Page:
Economic Update: Addiction, Capitalism, and 12 Steps

On this week's show, Prof. Wolff provides updates on car loans, sales showing falsity of "recovery" claims, airline profits vs service, the G-20 meetings coordinate global austerity, July 4 and capitalism, and the...READ MORE

 

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  • commented 2017-07-20 18:25:39 -0400
    Professor Wolff -

    I was just fortunate enough to see, on Youtube, you interview with Dr. Harriet Fraad concerning 12-step programs, their advantages and potential for improving society, in general, if applied on a more general basis, beyond only the realm of drug, alcoholism and other addictions. As a veteran of 17 years’ experience with AA (which saved my life), I have long thought that the “Program” would be and excellent course of self-study for the general population. Your and Dr. Fraad’s analysis focused on alienation resulting from economic (class?) inequality. I had never before thought of that and had not heard it emphasized in people’s sharing in meetings but it makes a lot of sense. I would add a more personal, individual aspect that I found to be the root of my personal addiction: Conscience. As a result of the inventory I conducted on myself (Step 4), I found that I had suffered a vicious cycle of actions that induced personal guilt, drinking to avoid having to come to grips with that guilt that altered my consciousness and resulted in further unacceptable behavior, leading to further, increased guilt that had to be drowned with alcohol.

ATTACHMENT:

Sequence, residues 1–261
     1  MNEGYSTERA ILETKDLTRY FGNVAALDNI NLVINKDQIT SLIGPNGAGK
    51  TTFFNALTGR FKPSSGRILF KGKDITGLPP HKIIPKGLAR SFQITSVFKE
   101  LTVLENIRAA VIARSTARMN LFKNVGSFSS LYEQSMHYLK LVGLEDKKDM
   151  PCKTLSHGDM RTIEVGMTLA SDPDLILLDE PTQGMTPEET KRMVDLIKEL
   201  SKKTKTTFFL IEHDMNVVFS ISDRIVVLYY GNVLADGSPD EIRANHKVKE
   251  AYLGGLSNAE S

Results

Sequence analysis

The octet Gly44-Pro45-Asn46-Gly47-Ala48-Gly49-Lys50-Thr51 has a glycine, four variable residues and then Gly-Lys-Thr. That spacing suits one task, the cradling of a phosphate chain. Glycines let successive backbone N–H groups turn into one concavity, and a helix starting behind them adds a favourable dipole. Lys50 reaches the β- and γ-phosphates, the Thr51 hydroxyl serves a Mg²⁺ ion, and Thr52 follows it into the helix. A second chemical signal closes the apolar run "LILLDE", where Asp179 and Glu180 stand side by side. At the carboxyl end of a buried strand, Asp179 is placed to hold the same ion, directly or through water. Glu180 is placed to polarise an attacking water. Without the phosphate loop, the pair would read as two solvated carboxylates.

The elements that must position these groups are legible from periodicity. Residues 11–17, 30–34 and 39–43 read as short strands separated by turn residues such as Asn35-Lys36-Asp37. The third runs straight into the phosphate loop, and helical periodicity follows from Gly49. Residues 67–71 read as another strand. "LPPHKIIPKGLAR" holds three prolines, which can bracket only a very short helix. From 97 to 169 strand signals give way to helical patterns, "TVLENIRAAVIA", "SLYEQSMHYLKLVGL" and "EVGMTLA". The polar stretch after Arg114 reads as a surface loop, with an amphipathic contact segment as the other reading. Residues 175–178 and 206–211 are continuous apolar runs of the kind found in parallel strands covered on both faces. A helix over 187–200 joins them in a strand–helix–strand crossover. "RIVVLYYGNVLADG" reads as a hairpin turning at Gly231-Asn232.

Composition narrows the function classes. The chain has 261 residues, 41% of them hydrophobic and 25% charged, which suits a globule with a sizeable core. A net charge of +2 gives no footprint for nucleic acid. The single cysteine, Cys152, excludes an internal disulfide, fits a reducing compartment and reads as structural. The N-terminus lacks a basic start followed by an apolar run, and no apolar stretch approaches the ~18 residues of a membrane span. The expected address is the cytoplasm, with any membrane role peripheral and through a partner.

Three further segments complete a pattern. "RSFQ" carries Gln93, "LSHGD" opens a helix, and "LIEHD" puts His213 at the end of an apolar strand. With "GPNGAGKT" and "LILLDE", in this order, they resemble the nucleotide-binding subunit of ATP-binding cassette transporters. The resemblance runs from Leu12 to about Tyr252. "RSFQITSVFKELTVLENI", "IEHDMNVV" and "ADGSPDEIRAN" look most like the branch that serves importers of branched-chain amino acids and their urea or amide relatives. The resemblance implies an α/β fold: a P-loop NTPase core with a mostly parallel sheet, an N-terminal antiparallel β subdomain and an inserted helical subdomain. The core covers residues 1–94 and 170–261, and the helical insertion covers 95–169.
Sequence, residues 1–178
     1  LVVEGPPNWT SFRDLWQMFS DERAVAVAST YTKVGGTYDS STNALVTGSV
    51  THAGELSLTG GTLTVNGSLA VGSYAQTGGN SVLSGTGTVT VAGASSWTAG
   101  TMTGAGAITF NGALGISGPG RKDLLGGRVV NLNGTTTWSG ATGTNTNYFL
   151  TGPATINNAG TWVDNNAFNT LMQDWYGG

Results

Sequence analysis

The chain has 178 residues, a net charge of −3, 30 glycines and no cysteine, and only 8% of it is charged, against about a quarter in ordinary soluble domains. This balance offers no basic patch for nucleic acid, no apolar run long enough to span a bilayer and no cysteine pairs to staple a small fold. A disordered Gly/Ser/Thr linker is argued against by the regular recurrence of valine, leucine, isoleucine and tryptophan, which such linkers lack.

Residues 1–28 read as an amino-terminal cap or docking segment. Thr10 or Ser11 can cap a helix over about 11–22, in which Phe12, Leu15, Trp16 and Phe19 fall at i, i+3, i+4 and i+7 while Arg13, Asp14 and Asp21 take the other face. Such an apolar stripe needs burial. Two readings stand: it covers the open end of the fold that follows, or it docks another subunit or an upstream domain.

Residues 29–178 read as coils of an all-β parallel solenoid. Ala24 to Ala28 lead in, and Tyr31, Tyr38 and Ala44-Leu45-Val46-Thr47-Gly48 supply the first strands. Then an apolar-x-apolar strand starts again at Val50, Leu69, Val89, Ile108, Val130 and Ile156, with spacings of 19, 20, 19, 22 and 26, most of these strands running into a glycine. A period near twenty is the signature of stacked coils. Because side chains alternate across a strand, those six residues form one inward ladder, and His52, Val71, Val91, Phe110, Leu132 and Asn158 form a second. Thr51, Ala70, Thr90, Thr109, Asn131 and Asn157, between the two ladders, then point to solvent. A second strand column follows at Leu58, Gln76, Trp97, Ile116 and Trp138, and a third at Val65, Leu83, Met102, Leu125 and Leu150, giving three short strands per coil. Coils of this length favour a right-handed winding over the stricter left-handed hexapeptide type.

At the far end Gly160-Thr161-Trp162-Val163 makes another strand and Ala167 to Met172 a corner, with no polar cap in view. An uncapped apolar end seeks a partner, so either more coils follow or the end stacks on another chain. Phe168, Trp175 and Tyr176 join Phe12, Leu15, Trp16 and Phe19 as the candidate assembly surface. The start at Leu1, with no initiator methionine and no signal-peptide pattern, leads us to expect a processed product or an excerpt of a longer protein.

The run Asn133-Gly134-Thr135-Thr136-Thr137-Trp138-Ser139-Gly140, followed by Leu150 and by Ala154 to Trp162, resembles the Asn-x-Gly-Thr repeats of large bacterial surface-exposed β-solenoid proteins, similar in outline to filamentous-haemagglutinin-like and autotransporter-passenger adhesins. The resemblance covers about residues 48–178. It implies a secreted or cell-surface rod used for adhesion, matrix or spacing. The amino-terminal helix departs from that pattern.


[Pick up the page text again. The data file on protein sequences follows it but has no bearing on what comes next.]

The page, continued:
I wonder at our society that not only imposes vast inequalities but necessitates participation in demeaning occupational circumstances, to futilely attempt to overcome that inequality, or just barely keep one’s head above water and survive. Working under those circumstances seems to me to be a perfect jumping-off point for substance abuse, either to avoid having to cope, mentally or emotionally, with the day-to-day grind that so many are forced to suffer, under the authority of relentless pressure and un-thinkable abuse or to quell the consequences of negative thoughts and actions resulting from the work environment. Just the fear of losing an unhealthy job is enough to warrant finding “a friend in the bottle” when none exists in any other reality.

    This does not only apply to underlings but to supervisory authorities as well, for how can someone occupy a position of demeaning proportions without experiencing, to some extent, guilt themselves. There is no less alcoholism and drug abuse among executives and managerial professionals. They have consciences too, that need to be anesthetized and ignored to continue participating in what has become the normal business environment.

    To end, I fully and enthusiastically support your proposition that the 12-step program could be a valuable, nay, I would say, essential training for all.

    Thanks – jeff

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